An emotionally mature album from James Blake, demonstrating his skills as both a world-class producer and his ability to control his sultry vocals as a soulful singer-songwriter.
With the mixed reviews that James Blake’s 75-minute emotional slog The Colour in Anything received in 2016, it may not have quite reached the acclaim it desperately tried to accomplish, but nevertheless demonstrated Blake’s potential and ambition as a singer-songwriter and producer. His promise was first confirmed with his innovative, Mercury Prize-winning album Overgrown in 2013 – an album which categorised Blake as an undeniably creative producer who had the ability to revolutionise and reinvigorate the popular music industry. It is therefore no surprise that Assume Form, a project released six years after that monumental album, has finally accomplished the control and emotional maturity that listeners secretly knew (and hoped) he would be able to achieve.
It is no secret that his relationship with Jameela Jamil provides a significant amount of inspiration for Assume Form, with his emotive lyrics reflecting his personal development and healthier state of mind. Blake’s honest reflection on his mental health proves inspirational and uplifting instead of weighing down the album; rather than a journey, this album is a proud result of his emotional maturity. The album is a complex project of love and regaining strength; the intelligent compilation and organisation of tracks, placing more upbeat records in-between heavier solo numbers, ensures that the same mistakes that The Colour in Anything made are not repeated. At 48 minutes long, it says what it needs to say, and maintains fresh production with a number of more upbeat colabs featuring André 3000, Travis Scott, Moses Sumney and Rosalía.
“I connect motion to feeling” – an interesting opening remark from Blake who once said that he mostly selected lyrics on how they sounded rather than what they said. With this personal evolution, he regains a sense of musical control, combining personal lyrics with meaningful production. The opening to Assume Form foreshadows the production masterpiece to come; linking his emotional state to the music that he produces. The production is so thoughtfully constructed that it would be fair to conclude that each sound is selected based on the emotional effect it aimed to produce and the lyrics it would reflect. There is an undeniable sense of togetherness on the album. Blake adds extra dimensions to his production by experimenting with the texture of synthetic sounds and solo strings, whilst also combining different genres – a layer of hip-hop and the inclusion of artists André 3000 and Travis Scott. Rather than allowing the addition of these genres and artists to dominate the tracks, he controls them, intertwining his own sultry melodies amongst the more upbeat rapping. The progression from the opening title, ‘Assume Form’ to ‘Mile High’ cements just how well this texture works.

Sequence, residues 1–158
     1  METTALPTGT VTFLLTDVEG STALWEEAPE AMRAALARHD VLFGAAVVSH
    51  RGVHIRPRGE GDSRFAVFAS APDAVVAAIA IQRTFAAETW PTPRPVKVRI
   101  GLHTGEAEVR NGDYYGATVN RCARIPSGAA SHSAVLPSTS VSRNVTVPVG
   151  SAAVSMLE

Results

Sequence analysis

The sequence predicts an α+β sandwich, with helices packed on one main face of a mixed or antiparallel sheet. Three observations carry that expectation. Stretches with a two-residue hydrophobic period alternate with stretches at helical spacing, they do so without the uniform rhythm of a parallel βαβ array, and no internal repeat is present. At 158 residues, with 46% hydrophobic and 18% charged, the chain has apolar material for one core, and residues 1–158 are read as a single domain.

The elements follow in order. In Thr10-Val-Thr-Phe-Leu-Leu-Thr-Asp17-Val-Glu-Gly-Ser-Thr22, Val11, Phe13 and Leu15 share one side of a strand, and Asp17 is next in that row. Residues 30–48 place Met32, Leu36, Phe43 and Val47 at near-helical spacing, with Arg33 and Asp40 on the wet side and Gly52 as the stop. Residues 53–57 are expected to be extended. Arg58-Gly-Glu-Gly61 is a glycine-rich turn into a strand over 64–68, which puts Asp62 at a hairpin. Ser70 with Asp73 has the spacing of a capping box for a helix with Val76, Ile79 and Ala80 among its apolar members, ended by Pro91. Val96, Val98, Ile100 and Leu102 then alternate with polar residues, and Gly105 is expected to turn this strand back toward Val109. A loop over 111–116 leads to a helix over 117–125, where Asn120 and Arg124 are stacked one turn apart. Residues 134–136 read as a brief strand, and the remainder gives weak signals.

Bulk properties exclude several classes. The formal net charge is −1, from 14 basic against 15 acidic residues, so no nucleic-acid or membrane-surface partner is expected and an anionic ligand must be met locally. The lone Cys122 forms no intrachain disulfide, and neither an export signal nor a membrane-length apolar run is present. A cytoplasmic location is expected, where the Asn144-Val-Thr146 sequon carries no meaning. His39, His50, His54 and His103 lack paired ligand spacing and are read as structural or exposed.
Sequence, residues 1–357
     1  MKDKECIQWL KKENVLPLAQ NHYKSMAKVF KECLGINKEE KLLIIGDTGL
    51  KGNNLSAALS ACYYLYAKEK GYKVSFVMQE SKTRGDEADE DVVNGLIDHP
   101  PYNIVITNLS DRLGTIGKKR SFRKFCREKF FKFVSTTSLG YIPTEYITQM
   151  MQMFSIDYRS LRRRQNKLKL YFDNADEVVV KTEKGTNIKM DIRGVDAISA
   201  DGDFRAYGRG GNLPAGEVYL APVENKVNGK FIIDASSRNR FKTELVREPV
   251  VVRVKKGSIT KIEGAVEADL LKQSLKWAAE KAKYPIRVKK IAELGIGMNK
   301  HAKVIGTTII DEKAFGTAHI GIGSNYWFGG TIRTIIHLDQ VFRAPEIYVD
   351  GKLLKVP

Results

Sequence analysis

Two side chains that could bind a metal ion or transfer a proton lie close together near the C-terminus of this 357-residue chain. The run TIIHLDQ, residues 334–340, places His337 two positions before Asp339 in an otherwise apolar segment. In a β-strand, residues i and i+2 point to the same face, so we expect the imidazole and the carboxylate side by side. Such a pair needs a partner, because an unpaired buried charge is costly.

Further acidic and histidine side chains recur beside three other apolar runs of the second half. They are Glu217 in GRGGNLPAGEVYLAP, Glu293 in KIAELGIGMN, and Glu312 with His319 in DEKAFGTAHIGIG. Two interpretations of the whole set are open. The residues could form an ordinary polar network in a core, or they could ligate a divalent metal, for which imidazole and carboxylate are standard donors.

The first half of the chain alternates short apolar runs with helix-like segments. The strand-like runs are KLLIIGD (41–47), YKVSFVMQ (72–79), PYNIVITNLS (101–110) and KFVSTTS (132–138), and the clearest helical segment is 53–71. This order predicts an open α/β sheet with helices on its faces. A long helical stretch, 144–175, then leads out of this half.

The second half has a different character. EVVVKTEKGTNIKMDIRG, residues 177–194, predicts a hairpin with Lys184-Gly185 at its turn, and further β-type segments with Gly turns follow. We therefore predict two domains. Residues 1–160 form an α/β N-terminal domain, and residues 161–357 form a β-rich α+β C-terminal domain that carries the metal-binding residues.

Lyrically, ‘Mile High’ is one of the weakest tracks of the album – the meaning seems to aimlessly dance around the lyrics, resulting in quite a numbing effect – but the production is strong. This textural technique is also used on ‘Where’s The Catch?’ – André 3000’s fantastically dark verse is one of the most powerful parts of the album: “All my pessimistic keeps me in a cage” highlights how André’s brutal honesty is integrated well with Blake’s own confessional style of lyrical writing, and is a welcome break from solely Blake’s steady emotional vocals.
The highlights of the album come from the simpler solo tracks – the production is a lot more stripped back, but provides a larger space for Blake’s lyrics to be fully appreciated. The love ballad, ‘Into The Red’ – a dedication to Blake’s girlfriend Jameela Jamil – effectively uses the harshness of the raw string sound with the accompaniment of a breadth of overlaying lyrics and looping vocals. This same emotion is employed in the swoon-worthy love song, ‘I’ll Come Too’ – the repetition of “I do I do I do” emphasises the soulful serenading elements that influence the majority of the solo tracks.
Paradoxically, the best and worst track on the album is ‘Barefoot in the Park’ – flamenco singer Rosalía shines and dominates on the track, but vocally it’s Blake’s weakest. His almost desperate attempt to integrate with Rosalía’s sultry Spanish lyrics is unsuccessful, overpowering the song and killing any desired sensual effect. “Who needs balance?” quite appropriately suggests the harsh reality – that the balance in the track is way off. However, Blake redeems himself on his collaboration with Moses Sumney on ‘Tell Them’: the two extremely talented artists work perfectly together, combining Blake’s soulful vocals with Sumney’s emotional falsetto flawlessly.
Despite the occasional errors in production, there is no denying that this is James Blake’s strongest and most thoughtful work to date. His strong mentality is reflected in personal lyrics and cutting-edge production, with a number of collaborations that add an interesting dimension to what would have otherwise been an emotionally heavy album. What will Blake do next? I am very excited for how he will develop personally and technically in the next few years, I just hope that he retains the control and emotional maturity that he has demonstrated on Assume Form.
Assume Form is now available via Polydor Records.